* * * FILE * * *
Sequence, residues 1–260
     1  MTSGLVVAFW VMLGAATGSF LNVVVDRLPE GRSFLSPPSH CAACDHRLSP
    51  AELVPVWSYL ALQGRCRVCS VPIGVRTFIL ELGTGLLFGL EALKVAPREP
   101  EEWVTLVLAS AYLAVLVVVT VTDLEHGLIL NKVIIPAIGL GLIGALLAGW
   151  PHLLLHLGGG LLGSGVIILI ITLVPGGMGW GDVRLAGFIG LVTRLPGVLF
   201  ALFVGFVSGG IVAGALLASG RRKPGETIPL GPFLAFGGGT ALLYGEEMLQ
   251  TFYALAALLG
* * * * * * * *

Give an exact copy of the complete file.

Sequence, residues 1–260
     1  MTSGLVVAFW VMLGAATGSF LNVVVDRLPE GRSFLSPPSH CAACDHRLSP
    51  AELVPVWSYL ALQGRCRVCS VPIGVRTFIL ELGTGLLFGL EALKVAPREP
   101  EEWVTLVLAS AYLAVLVVVT VTDLEHGLIL NKVIIPAIGL GLIGALLAGW
   151  PHLLLHLGGG LLGSGVIILI ITLVPGGMGW GDVRLAGFIG LVTRLPGVLF
   201  ALFVGFVSGG IVAGALLASG RRKPGETIPL GPFLAFGGGT ALLYGEEMLQ
   251  TFYALAALLG